Stavo riguardando i video della ripartenza del modulo lunare (16 e 17) e mi sono posto la stessa domanda che Massimo si è posto sui ritardi dovuti alla distanza terra luna. In particolare, quando gli astronauti danno il comando di accensione, ignition, la telecamera che inquadra il lem inizia quasi immediatamente a risalire. Ci sono due scenari possibili a questo punto per gli operatori da terra. Il primo-l'operatore attua la telecamera appena riceve il la voce dell'astronauta che dice ignition. Il secondo- l'operatore attende che il lem inizi la risalita e poi attua la telecamera. Nel primo scenario la cosa non torna : Infatti ho contato poco più di un secondo dal momento del comando di accensione, ma anche lì non sarebbe possibile, perché, supponendo che audio e video siano in sync, sarebbero necessari (almeno) poco più di due secondi per ricevere l'audio e attivare la videocamera.
Nel secondo scenario, quello in cui l' operatore da terra attendeva le immagini, ho contato 2,15 secondi col cronometro e anche lì mi sembrano davvero pochi.
Tralascio poi il fatto che l'operatore da terra non conosceva il rateo di salita del lem e quindi non mi spiego come abbia fatto a seguire il lem nella sua ascesa.
Attendo i vostri commenti e quello di Massimo, grazie!
As the Smithsonian National Air and Space Museum explains in a 2011 blog post, the camera was available on Apollos 15, 16 and 17. The television camera communicated from Earth using a high-gain antenna on the rover, but there was a slight time delay for the radio waves to travel (a couple of seconds) between the Earth and the Moon.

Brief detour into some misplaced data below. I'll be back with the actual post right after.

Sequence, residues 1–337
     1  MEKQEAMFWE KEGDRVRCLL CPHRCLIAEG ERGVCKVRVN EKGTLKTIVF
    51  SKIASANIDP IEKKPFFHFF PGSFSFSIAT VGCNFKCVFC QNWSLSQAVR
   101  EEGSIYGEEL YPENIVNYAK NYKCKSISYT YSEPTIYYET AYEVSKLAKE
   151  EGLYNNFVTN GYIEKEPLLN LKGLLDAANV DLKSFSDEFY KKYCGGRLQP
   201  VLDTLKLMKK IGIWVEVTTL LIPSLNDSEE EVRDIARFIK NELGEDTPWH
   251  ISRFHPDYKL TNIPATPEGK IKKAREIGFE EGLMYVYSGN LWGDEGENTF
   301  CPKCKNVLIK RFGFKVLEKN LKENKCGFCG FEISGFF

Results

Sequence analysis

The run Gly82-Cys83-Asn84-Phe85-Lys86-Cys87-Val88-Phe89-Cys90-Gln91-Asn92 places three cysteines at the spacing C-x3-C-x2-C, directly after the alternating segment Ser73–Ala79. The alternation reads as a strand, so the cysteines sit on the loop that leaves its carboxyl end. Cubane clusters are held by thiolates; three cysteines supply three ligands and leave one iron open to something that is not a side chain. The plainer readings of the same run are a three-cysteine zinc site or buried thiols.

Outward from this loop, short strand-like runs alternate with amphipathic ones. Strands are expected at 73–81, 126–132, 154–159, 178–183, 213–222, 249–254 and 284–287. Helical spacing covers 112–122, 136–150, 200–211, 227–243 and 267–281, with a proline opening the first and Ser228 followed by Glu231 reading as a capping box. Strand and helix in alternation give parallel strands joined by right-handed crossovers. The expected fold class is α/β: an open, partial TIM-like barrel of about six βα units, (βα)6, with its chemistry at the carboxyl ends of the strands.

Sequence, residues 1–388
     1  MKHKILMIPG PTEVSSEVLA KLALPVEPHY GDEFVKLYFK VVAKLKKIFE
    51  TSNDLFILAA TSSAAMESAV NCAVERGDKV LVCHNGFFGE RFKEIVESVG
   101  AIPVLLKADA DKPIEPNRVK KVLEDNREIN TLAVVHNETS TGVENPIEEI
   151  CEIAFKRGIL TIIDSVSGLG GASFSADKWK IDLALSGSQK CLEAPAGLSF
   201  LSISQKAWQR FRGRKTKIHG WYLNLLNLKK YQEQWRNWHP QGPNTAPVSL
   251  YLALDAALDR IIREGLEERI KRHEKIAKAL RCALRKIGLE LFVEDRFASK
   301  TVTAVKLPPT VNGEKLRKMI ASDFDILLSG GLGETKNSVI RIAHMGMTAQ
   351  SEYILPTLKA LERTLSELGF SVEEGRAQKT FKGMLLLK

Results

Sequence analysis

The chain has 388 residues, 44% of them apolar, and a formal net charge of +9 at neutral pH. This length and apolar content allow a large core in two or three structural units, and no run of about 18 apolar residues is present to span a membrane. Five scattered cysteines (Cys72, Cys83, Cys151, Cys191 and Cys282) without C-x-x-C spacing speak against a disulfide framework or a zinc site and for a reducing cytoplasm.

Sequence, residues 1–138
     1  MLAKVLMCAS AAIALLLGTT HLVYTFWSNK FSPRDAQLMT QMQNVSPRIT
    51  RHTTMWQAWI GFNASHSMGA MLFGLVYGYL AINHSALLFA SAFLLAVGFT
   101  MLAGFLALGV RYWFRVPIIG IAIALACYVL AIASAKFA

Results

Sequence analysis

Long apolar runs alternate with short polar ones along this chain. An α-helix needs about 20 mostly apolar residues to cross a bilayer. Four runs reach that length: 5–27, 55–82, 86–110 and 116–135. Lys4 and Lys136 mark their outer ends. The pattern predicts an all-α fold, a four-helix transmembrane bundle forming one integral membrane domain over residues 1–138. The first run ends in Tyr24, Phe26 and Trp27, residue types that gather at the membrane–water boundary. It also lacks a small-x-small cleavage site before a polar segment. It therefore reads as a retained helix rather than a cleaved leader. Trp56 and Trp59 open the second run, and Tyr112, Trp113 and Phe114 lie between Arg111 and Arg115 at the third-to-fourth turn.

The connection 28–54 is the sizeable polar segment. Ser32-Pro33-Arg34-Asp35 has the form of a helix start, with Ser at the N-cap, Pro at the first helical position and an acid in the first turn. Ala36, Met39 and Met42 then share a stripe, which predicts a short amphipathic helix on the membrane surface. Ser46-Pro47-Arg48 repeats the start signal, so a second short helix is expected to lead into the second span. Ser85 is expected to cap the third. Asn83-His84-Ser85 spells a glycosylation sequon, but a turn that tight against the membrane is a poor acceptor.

So the engineers suggested moving the rover a certain distance from the lunar module and setting the camera to automatically tilt to show the lunar liftoff when commanded from Earth.
That was the plan, at least. On Apollo 15, the tilt mechanism malfunctioned and the camera never moved upwards, allowing the lunar module to slip out of sight. And while the attempt on Apollo 16 gave a longer view of the lunar module rising up, the astronauts actually parked the rover too close to it, which threw off the calculations and timing of the tilt upwards so it left view just a few moments into the flight.
Ed Fendall was the person doing the controlling. In an oral history for NASA done in 2000, he recalled how complex the procedure was.
Now, the way that worked was this. Harley Weyer, who worked for me, sat down and figured what the trajectory would be and where the lunar rover would be each second as it moved out, and what your settings would go to. That picture you see was taken without looking at it [the liftoff] at all. There was no watching it and doing anything with that picture. As the crew counted down, that's a [Apollo] 17 picture you see, as [Eugene] Cernan counted down and he knew he had to park in the right place because I was going to kill him, he didn't — and Gene and I are good friends, he'll tell you that — I actually sent the first command at liftoff minus three seconds. And each command was scripted, and all I was doing was looking at a clock, sending commands. I was not looking at the television. I really didn't see it until it was over with and played back. Those were just pre-set commands that were just punched out via time. That's the way it was followed.